The Federal Highway Administration awarded an $83,447 grant to the Center for Louisiana Studies. The funds will assist in the completion of 134-mile Bayou Teche Paddle Trail. The trail will stretch from Port Barre Louisiana to Patterson.
The trail will flow pass St. Landry, St. Mary, Iberia and St. Martin Parishes. The purpose is to increase recreational use of Bayou Teche.
Annie Ourso, Special to the Advocate, announced January 2 2014 that plans for the canoe and kayak trail moves forward. The next step is to solicit public input at two meetings planned for January.
Especially important, are the reactions from communities about the eight proposed access sites and floating docks along the Bayou Teche. Cooperation from residents and landowners are essential.
Public input is a primary requirement for the grant, according to Jennifer Guidry. Guidry is assistant director at the Center for Cultural and Eco-Tourism.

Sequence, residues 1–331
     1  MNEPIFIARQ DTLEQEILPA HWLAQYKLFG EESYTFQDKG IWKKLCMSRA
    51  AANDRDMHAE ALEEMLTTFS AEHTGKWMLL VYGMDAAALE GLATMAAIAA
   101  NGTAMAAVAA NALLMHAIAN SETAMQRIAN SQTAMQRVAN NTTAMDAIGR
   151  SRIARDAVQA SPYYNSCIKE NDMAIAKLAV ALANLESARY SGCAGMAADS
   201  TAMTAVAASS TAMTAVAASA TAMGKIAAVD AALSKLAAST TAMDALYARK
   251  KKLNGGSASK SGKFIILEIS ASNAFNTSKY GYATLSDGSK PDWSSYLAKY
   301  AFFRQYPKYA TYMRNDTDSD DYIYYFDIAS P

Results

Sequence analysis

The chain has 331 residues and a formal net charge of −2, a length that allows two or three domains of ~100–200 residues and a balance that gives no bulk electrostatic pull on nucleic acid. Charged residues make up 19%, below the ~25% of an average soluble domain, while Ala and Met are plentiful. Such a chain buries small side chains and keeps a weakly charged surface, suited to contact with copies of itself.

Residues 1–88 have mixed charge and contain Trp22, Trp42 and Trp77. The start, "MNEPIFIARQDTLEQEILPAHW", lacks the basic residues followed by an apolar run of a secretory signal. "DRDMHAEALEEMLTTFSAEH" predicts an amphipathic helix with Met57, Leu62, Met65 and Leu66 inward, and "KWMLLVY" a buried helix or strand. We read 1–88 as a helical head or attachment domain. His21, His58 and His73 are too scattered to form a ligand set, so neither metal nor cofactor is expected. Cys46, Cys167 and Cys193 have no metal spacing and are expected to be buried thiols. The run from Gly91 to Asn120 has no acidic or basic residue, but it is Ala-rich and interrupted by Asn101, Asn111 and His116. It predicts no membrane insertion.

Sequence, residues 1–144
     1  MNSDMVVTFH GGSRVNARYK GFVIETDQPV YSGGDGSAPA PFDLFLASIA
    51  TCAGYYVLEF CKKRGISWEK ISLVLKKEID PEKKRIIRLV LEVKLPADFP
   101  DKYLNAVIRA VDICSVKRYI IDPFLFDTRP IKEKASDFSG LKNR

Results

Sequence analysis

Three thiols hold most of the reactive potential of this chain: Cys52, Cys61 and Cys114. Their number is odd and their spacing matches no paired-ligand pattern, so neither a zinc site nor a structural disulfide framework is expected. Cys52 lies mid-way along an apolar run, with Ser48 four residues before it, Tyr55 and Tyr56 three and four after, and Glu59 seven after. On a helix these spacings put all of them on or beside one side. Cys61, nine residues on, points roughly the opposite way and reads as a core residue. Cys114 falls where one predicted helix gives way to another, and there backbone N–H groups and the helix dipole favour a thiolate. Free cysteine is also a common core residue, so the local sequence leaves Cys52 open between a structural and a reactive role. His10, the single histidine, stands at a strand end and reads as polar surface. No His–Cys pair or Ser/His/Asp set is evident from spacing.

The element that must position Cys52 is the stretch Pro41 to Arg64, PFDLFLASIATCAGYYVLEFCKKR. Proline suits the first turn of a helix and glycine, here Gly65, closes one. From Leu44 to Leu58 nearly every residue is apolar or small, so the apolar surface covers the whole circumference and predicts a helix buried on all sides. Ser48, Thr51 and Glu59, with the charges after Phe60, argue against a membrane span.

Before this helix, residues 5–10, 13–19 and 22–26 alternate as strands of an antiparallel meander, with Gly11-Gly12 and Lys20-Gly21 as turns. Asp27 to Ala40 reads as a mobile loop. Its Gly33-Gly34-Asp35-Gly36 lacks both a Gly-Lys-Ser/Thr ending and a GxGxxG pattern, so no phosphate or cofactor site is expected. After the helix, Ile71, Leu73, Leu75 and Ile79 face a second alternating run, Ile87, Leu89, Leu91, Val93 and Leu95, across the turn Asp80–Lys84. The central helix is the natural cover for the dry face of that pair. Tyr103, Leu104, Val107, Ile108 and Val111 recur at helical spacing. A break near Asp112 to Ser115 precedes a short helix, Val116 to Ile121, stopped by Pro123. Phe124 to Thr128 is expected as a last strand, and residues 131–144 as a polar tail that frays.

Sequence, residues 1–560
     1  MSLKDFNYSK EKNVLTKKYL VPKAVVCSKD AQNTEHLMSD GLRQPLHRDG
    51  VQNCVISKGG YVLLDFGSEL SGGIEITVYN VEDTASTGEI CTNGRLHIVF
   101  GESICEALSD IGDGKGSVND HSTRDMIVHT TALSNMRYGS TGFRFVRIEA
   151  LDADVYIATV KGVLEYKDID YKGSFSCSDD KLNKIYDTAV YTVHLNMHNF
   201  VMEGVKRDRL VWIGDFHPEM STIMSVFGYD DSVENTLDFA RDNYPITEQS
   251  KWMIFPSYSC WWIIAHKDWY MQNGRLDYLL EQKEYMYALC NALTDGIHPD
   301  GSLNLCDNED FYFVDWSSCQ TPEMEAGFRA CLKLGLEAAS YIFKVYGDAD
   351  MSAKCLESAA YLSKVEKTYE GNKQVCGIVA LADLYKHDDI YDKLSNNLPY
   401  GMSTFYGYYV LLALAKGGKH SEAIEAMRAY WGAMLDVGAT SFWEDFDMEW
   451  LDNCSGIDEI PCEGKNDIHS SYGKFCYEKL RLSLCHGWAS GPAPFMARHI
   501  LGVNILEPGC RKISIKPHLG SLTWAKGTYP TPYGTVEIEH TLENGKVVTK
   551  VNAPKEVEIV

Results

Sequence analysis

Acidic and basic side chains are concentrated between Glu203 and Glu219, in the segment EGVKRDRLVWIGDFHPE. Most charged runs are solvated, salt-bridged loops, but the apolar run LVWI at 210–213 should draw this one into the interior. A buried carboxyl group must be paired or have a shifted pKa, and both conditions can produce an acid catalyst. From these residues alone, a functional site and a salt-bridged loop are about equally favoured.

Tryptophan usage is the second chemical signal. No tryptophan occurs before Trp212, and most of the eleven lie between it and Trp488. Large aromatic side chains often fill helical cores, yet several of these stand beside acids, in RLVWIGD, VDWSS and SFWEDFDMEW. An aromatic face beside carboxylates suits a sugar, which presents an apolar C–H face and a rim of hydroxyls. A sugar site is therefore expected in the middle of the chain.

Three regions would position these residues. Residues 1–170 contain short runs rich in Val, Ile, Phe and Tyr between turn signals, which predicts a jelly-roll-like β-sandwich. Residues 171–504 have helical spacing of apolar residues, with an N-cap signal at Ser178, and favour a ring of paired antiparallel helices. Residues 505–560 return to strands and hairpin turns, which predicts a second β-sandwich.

Michael Martin of the Center for Louisiana Studies suggests there are multiple ways people can expressed their opinions about the paddle trail. The simplest and most reliable is to attend the two scheduled meetings.
The first meeting is Jan 9 at New Iberia Hall. The second is Jan 13 at Acadian Memorial in St. Martinville. Both meetings are at 6 p.m.
The plan is to compile comments from the January meetings to create a final plan. Once that is completed, the project can move into its implementation stage, according to Jennifer Guidry.
Trey Snyder, a Bayou Teche resident, hopes the Bayou Teche Paddle Trail becomes a nationally recognized paddle trail by the National Park Service.
Management of the Bayou Teche Paddle Trail is a shared partnership between the TECHE Project, Center for Louisiana Studies and National Park Service.
Bayou Teche is already the site of an annual canoe, kayak and pirogue race along the entire length of the bayou.
The Tour du Teche began in 2010 and starts on the first Friday in October.